I recently finished my 5-month internship in Santiago, which means the official part of my year abroad has come to an end. I can’t believe how quickly it’s gone, but luckily I have 2 months of travelling before I go back to real life in England. I’ve been travelling in Peru this week to make my way up to Iquitos (see my route here). During the long hours on the buses and the current wait in Lima airport (my flight got pushed back 4 hours), I’ve been reflecting on how my style has changed since coming abroad (#thelifeofastylerover). So here are the 6 style lessons I’ve learnt from living and travelling abroad for nearly a year.
1. Being low-maintenance
I found that being low-maintenance goes hand-in-hand with the year abroad lifestyle. Wanting to go out as much as possible and see new things inevitably means having less time to get ready but also not caring so much. At first I would try and change outfits if going out for a drink after work, but I soon realised it was much easier to add a nice necklace and bit of make-up instead. As I mentioned in a previous blog post, this doesn’t mean looking sloppy, it simply means being more efficient. Having a smaller wardrobe than back home also makes this much easier and more manageable.
However since leaving Santiago and embarking on my travels in Peru, I have quickly realised that bringing basically everything with me (in a 25kg suitcase, and 2 backpacks) was not the most efficient decision. Although you will be proud to hear that I left the hairdryer behind in Arequipa. I’m learning.
2. Updating my wardrobe
Bringing a limited wardrobe abroad comes with its perks. Updating my wardrobe! I really enjoyed visiting local stores both in Santiago and Montreal, and I’ve picked up some great unique finds. From vintage shops to local boutiques to a few cheeky chain buys, I’ve discovered that part of immersing myself in a new culture means learning how the locals dress. Browsing shops has given me an insight into the current trends and styles and how they vary from what I know.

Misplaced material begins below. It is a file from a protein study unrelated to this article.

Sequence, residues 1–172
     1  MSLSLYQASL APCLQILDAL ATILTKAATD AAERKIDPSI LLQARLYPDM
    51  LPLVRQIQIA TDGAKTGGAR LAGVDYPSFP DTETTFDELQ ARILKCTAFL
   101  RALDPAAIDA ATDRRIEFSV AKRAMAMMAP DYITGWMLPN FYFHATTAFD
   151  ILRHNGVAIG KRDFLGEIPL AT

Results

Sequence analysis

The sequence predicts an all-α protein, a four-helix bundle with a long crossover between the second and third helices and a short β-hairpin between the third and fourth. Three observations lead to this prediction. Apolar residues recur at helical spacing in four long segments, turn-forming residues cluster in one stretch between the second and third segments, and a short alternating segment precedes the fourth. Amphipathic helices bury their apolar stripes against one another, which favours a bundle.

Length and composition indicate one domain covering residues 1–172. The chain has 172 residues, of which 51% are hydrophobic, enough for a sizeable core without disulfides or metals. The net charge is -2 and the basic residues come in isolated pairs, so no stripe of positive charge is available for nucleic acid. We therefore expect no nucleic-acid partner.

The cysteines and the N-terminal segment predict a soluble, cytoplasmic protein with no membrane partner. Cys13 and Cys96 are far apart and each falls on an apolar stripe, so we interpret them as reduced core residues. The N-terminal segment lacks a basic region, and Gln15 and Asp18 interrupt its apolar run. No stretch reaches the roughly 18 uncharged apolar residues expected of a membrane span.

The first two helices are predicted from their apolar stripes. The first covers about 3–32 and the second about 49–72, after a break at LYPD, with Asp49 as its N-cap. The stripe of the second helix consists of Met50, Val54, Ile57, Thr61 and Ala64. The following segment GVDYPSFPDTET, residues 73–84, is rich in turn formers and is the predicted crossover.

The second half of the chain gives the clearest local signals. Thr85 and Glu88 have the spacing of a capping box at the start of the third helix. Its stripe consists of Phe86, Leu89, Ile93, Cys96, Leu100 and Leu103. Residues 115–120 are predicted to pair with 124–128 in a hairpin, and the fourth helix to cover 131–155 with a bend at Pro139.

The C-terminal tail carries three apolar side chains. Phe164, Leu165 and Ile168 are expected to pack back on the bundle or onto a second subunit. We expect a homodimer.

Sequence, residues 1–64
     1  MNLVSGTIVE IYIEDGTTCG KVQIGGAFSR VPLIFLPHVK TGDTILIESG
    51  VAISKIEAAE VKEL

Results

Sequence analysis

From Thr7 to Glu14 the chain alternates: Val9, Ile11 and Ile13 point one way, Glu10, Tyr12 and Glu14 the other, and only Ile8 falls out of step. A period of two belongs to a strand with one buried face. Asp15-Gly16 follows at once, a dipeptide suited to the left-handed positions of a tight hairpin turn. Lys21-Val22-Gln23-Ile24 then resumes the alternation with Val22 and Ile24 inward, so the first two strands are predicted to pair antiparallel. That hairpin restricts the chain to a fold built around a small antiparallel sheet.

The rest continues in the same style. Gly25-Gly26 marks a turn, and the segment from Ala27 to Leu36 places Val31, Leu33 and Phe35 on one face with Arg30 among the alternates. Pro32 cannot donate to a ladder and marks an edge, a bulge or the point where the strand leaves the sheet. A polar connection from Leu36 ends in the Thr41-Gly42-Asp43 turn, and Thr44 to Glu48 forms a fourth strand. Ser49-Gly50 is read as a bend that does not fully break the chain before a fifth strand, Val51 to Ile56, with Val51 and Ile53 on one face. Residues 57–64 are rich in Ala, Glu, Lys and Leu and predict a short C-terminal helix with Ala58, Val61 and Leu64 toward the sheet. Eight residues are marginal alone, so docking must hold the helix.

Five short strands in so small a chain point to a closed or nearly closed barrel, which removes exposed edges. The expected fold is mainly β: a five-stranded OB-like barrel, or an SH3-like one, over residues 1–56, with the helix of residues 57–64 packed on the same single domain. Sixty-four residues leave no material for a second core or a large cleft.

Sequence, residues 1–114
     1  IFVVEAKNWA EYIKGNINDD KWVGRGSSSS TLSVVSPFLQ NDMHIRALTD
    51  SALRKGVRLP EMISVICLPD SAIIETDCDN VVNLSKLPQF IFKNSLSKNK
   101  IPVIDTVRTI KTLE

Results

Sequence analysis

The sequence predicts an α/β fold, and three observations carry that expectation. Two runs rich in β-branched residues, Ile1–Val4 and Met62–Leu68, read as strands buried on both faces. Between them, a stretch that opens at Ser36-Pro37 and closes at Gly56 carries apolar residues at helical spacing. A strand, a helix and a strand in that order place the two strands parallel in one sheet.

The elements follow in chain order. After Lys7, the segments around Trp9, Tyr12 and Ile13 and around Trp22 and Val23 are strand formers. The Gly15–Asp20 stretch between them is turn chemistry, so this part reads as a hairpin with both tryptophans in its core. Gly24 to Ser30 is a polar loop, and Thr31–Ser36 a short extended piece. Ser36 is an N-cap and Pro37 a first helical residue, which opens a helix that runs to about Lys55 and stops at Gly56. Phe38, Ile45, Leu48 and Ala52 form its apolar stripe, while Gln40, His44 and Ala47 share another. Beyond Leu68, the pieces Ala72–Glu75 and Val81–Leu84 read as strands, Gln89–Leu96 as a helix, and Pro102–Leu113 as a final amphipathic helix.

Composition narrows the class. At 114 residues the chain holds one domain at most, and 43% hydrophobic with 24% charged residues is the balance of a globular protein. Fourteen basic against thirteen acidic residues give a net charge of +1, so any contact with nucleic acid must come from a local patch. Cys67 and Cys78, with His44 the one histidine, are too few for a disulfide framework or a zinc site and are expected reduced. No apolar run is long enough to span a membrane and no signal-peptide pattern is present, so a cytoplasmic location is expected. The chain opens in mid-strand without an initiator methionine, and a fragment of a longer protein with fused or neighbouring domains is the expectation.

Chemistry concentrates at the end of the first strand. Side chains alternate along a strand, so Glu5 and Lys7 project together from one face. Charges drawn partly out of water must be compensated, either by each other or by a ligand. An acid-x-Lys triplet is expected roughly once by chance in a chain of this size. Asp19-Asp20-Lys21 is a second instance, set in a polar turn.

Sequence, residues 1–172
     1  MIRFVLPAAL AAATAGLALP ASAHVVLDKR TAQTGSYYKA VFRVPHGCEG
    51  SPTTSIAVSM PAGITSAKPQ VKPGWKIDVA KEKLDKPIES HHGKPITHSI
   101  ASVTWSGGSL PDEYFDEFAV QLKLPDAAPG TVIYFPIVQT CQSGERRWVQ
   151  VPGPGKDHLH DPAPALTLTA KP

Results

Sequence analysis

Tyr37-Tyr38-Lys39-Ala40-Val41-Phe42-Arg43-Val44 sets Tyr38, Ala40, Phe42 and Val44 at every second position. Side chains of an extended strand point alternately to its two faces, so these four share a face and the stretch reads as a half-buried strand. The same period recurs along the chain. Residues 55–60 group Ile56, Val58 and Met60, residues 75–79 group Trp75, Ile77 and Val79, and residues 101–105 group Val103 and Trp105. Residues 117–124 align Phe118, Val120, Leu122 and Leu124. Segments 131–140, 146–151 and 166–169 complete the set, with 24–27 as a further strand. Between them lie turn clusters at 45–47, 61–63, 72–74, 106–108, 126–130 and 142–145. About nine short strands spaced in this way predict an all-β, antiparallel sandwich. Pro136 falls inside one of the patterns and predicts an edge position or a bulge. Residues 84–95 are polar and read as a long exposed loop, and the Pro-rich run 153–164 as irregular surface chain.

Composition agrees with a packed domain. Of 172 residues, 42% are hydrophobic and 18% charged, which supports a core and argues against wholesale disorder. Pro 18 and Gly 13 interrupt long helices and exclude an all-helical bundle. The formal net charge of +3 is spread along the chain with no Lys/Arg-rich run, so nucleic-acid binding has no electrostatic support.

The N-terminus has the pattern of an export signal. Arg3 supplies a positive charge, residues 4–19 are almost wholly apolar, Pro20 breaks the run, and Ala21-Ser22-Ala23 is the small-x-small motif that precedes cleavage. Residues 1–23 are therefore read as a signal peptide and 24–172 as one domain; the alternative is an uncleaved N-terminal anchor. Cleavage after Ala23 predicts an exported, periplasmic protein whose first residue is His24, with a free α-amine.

Updating also means throwing away old clothes, something I’ve learnt needs to be done, regardless of how strongly I feel about my favourite black jeans that now have a hole in the crotch.
3. Having a flexible wardrobe
Something I should have thought of when updating my wardrobe was how well the new pieces would fit with my current wardrobe. It’s important to pick pieces that can go well with everything, to help mix and match and create new outfits. I recently bought a striped blue blouse and dark jumper from a great vintage shop in Santiago, which I can easily pair with a skirt or jeans for any occasion.
In hindsight, whilst I love the co-ord I bought over summer, I’ve found it hard to wear the pieces separately. And as the weather turned colder in Chile I started to wear the outfit less.
4. Knowing how to dress for occasions
Both in Montreal and in Santiago, I realised that I dressed down most of the time even when going out. This is mostly due to my student budget, but in general both cities are more laid back than London. I brought heels with me to Montreal and wore them a total of 3 times. I even struggled to find an occasion to wear the Luxemme playsuit in Santiago. I wore nice dresses and skirts for work in both places, but hardly dressed up when going out with friends. To ‘dress up’ I now just swap a t-shirt for a blouse or nice jumper and the heels are tucked away back in London.
I’ve been wearing much sportier clothes, opting for running leggings and breathable jumpers, as it is comfier and more practical for travelling.
5. Understanding different fits
When shopping abroad, not only the clothes, but also the sizes and fits are very different. This is especially true in local stores and vintage shops that won’t necessarily have various sizes of the same item. For example, to my delight in Chile the sizes are petite and thus a good fit for me. Often though it’s a case of trying on various items and see which fits best. It’s happened a few times that I really like a jacket or top but the shoulders are too big or the fit isn’t quite right. As much as I’ve wanted to impulse-buy them anyway it’s not worth it, as I’ve found I won’t really wear it if the fit is off.
6. Making fashion fails
I’ve definitely learnt that I can’t look stylish 100% of the time. Embrace the fashion fails and laugh later.